Do Institutions Own The ExOne Company (NASDAQ:XONE) Shares?

A look at the shareholders of The ExOne Company (NASDAQ:XONE) can tell us which group is most powerful. Large companies usually have institutions as shareholders, and we usually see insiders owning shares in smaller companies. I generally like to see some degree of insider ownership, even if only a little. As Nassim Nicholas Taleb said, ‘Don’t tell me what you think, tell me what you have in your portfolio.’

ExOne is not a large company by global standards. It has a market capitalization of US$156m, which means it wouldn’t have the attention of many institutional investors. In the chart below below, we can see that institutions are noticeable on the share registry. We can zoom in on the different ownership groups, to learn more about XONE.

View our latest analysis for ExOne

NasdaqGS:XONE Ownership Summary October 18th 18
NasdaqGS:XONE Ownership Summary October 18th 18

What Does The Institutional Ownership Tell Us About ExOne?

Institutional investors commonly compare their own returns to the returns of a commonly followed index. So they generally do consider buying larger companies that are included in the relevant benchmark index.

ExOne already has institutions on the share registry. Indeed, they own 28% of the company. This implies the analysts working for those institutions have looked at the stock and they like it. But just like anyone else, they could be wrong. When multiple institutions own a stock, there’s always a risk that they are in a ‘crowded trade’. When such a trade goes wrong, multiple parties may compete to sell stock fast. This risk is higher in a company without a history of growth. You can see ExOne’s historic earnings and revenue, below, but keep in mind there’s always more to the story.

NasdaqGS:XONE Income Statement Export October 18th 18
NasdaqGS:XONE Income Statement Export October 18th 18

We note that hedge funds don’t have a meaningful investment in ExOne. There is some analyst coverage of the stock, but it could still become more well known, with time.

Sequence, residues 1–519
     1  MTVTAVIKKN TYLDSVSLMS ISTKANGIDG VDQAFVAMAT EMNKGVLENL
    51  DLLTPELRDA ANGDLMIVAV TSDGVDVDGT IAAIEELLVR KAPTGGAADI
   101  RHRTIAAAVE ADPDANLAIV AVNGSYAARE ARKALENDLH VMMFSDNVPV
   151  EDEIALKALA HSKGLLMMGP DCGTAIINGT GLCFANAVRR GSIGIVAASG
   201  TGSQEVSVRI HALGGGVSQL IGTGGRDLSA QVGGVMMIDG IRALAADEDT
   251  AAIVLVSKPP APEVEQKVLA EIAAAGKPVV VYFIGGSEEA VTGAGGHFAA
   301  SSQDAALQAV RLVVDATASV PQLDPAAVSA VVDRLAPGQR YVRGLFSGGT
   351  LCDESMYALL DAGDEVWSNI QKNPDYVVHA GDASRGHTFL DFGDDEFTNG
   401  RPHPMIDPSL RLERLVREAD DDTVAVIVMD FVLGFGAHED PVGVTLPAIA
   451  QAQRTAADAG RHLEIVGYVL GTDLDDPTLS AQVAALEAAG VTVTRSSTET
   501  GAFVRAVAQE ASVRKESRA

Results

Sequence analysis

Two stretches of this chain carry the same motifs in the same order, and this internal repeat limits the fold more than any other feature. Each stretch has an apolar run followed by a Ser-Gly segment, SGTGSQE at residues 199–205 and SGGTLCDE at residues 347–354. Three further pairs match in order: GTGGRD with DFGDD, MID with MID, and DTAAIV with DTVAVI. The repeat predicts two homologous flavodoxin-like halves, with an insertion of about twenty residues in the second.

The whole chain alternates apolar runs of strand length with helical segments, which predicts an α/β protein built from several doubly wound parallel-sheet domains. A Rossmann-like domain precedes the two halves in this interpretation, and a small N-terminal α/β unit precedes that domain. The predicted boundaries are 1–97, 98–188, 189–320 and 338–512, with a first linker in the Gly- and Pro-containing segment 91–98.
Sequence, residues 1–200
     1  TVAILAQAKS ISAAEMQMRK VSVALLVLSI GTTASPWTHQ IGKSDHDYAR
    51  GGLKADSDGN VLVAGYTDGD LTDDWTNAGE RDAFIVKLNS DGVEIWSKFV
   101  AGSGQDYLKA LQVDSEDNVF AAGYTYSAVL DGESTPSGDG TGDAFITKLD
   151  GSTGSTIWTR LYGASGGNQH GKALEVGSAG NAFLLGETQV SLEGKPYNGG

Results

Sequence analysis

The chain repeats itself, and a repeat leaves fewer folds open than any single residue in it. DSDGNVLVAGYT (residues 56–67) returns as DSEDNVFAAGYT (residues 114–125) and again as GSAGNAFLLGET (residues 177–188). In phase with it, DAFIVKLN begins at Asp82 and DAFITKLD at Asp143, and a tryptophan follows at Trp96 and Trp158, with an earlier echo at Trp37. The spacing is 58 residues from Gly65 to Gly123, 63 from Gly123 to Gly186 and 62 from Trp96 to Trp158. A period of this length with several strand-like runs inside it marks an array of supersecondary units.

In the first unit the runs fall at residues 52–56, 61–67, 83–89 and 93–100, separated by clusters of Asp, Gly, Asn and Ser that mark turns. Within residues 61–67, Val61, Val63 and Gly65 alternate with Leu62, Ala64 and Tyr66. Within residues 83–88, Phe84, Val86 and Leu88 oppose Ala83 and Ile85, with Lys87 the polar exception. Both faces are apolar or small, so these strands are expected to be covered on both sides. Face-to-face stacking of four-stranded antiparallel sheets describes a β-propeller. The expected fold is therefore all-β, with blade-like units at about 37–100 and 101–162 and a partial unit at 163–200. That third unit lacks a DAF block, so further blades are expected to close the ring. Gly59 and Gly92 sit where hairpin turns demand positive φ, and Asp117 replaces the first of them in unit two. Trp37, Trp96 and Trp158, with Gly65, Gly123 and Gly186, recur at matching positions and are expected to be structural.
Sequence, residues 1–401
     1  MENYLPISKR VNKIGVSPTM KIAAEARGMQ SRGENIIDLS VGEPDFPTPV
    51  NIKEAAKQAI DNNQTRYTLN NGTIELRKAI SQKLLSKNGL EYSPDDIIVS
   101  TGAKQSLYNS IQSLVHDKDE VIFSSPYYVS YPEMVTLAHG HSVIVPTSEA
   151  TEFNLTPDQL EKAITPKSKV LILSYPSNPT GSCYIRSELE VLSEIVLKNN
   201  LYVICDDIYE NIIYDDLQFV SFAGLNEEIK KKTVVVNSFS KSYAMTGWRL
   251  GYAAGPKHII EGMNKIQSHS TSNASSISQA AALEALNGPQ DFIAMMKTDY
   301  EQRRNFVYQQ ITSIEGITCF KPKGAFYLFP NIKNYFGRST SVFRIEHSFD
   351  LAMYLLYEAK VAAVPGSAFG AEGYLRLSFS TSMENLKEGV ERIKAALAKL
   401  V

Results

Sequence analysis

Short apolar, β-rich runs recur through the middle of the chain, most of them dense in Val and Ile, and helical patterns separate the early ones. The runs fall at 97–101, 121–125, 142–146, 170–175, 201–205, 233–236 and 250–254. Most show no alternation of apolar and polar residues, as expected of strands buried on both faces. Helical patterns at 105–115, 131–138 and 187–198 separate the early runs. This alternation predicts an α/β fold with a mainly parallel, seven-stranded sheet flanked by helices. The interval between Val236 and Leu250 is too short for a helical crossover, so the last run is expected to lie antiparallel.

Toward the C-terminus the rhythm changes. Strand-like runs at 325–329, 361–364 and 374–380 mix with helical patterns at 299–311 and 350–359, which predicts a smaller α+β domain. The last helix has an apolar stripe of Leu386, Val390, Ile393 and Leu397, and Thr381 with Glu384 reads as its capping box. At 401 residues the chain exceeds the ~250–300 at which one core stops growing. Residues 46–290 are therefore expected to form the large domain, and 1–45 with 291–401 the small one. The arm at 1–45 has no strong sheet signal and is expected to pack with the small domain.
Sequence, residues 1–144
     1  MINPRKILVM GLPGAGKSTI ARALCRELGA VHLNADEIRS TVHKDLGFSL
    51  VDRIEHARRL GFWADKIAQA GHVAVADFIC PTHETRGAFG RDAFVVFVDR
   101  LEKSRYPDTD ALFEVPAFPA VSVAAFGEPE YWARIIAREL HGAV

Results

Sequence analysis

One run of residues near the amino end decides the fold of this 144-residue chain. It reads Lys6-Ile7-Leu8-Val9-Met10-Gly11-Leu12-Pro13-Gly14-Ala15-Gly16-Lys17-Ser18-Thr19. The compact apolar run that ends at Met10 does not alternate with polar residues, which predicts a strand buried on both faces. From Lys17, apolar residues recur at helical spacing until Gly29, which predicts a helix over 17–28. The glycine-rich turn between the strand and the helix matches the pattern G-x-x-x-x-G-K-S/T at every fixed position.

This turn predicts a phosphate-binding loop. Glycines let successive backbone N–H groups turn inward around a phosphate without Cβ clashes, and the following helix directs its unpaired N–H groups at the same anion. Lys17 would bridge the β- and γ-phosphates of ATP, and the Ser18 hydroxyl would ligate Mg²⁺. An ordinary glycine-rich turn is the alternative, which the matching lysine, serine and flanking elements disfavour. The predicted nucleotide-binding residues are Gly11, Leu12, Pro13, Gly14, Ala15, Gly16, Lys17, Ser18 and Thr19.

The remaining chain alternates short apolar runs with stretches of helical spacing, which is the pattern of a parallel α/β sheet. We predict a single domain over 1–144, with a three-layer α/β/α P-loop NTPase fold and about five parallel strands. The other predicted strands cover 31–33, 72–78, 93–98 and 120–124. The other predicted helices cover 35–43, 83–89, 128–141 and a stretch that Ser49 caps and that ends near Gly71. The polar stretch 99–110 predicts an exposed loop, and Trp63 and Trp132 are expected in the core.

Insider Ownership Of ExOne

The definition of company insiders can be subjective, and does vary between jurisdictions. Our data reflects individual insiders, capturing board members at the very least. The company management answer to the board; and the latter should represent the interests of shareholders. Notably, sometimes top-level managers are on the board, themselves.

Most consider insider ownership a positive because it can indicate the board is well aligned with other shareholders. However, on some occasions too much power is concentrated within this group.

It seems insiders own a significant proportion of The ExOne Company. Insiders own US$58m worth of shares in the US$156m company. This may suggest that the founders still own a lot of shares. You can click here to see if they have been buying or selling.

General Public Ownership

The general public holds a 34% stake in XONE. While this group can’t necessarily call the shots, it can certainly have a real influence on how the company is run.

Next Steps:

I find it very interesting to look at who exactly owns a company. But to truly gain insight, we need to consider other information, too.

I like to dive deeper into how a company has performed in the past. You can access this interactive graph of past earnings, revenue and cash flow, for free .

If you would prefer discover what analysts are predicting in terms of future growth, do not miss this free report on analyst forecasts.

NB: Figures in this article are calculated using data from the last twelve months, which refer to the 12-month period ending on the last date of the month the financial statement is dated. This may not be consistent with full year annual report figures.

To help readers see past the short term volatility of the financial market, we aim to bring you a long-term focused research analysis purely driven by fundamental data. Note that our analysis does not factor in the latest price-sensitive company announcements.

The author is an independent contributor and at the time of publication had no position in the stocks mentioned. For errors that warrant correction please contact the editor at editorial-team@simplywallst.com.